“China is calling for stricter restrictions on the internet in the wake of terrorism and the increasing circulation of fake news stories on social media sites, which allegedly played a role in helping Republican Donald Trump win the presidential election in the U.S. China’s vision of a more secure cyberspace with rigid censorship comes at a time when the West is debating on the fake news surge and if smartphone companies should cooperate with federal agents to help them gain access to private information in phones belonging to suspected criminals.”
Lusaka, Thursday, November 24, 2016: A high level cyber-security training and awareness workshop for senior policy makers and experts has been conducted in Burundi. Its aim is to equip them with the skills to produce effective cyber security strategies, policies, legislation and institutions.
“The Czech law on cyber security may also apply to the administrators and operators of the information systems in the energy industry and transport under the amendment that the Czech government supported yesterday, its press section has said. The regulation, which is based on a European directive, is another step to improve the state’s preparedness for the threat of cyber attacks, PM Bohuslav Sobotka said in a press release.”
“The internet connection of the European Union’s legislative body, the European Commission (EC), was disrupted for “several hours” on 24 November (Thursday) after a “large-scale” cyberattack was directed against its computer networks. The attack, which reportedly started in mid-afternoon, allegedly left staffers unable to work throughout the day. By the evening, as the online assault subsided, the Commission’s IT experts sent an email to those impacted blaming the outages on a “denial of service.””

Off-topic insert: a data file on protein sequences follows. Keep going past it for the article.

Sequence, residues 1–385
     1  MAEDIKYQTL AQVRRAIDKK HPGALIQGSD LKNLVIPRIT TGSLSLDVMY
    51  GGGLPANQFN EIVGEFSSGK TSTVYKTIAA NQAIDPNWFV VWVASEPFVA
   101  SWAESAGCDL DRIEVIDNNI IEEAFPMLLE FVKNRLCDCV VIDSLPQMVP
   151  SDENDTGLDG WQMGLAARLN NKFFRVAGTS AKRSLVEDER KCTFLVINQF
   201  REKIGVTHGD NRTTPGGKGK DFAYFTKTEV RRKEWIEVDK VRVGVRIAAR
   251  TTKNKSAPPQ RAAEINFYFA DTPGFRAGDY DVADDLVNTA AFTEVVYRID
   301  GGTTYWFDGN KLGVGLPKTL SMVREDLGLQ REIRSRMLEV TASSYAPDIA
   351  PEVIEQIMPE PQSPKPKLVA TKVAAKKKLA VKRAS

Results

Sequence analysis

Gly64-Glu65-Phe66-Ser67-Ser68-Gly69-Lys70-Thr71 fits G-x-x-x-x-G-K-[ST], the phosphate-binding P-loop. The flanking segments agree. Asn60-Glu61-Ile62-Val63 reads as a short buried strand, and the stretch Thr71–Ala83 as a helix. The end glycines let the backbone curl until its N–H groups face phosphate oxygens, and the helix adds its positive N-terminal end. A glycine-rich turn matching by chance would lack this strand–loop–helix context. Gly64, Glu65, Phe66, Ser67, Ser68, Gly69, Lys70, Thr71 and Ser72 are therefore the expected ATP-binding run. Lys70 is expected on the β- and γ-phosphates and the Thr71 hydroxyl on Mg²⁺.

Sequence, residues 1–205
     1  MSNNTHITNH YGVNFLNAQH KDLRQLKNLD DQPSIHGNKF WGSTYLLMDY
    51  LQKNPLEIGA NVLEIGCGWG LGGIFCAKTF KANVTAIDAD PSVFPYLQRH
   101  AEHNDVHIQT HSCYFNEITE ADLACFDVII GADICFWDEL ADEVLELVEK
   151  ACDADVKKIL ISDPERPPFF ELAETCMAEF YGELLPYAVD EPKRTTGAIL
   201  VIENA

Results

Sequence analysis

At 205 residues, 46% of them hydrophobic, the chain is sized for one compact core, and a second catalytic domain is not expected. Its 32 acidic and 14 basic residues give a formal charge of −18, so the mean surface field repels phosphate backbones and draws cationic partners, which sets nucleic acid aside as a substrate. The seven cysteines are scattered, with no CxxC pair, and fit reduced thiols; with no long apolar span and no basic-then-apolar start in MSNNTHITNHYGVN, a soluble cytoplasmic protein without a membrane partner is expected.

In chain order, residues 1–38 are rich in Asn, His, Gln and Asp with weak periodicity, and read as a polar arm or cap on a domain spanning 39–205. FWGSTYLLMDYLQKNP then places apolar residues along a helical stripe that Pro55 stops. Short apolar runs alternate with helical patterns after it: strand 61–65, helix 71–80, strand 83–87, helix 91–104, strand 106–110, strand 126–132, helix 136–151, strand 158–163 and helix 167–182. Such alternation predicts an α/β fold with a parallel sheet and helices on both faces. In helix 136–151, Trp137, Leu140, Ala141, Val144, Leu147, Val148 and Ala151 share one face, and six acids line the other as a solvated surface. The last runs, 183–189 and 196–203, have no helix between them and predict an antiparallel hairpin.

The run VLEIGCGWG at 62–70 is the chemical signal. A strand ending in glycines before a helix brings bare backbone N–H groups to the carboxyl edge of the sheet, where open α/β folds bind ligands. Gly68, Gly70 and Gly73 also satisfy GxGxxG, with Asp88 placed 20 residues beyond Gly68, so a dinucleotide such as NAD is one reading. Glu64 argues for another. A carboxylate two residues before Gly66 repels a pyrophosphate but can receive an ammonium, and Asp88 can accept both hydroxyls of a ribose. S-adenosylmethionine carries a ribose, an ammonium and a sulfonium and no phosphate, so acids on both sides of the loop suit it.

“Cybercriminals have hacked ATMs in more than a dozen countries in Europe this year using software that forces the machines to spit out cash, according to Russian cybersecurity firm Group IB. This type of attack, known as “jackpotting”, is part of hackers’ shifting focus from stealing card numbers and online banking details towards a more lucrative method that gives them access to both ATMs and electronic payments.”
“Five EU countries said they want the European Commission to propose legislation that would make it easier for police to crack through encryption technology. Croatia, Italy, Latvia, Poland and Hungary all want an EU law to be created to help their law enforcement authorities access encrypted information and share data with investigators in other countries. Poland and Latvia want EU legislation to focus on making it easier to access data stored remotely in clouds, which are often operated by companies based in other EU countries or outside the 28-member bloc.”
“Russian aircraft carrier Admiral Kuznetsov has recently arrived at the shores of Syria accompanied by its companion vessels. The ships are in the area as a deterrent measure, but also in order to collect intelligence via electronic means. As a response, the Israeli Navy has upgraded its cyber warfare capabilities, placing special crews onto its missile boats.”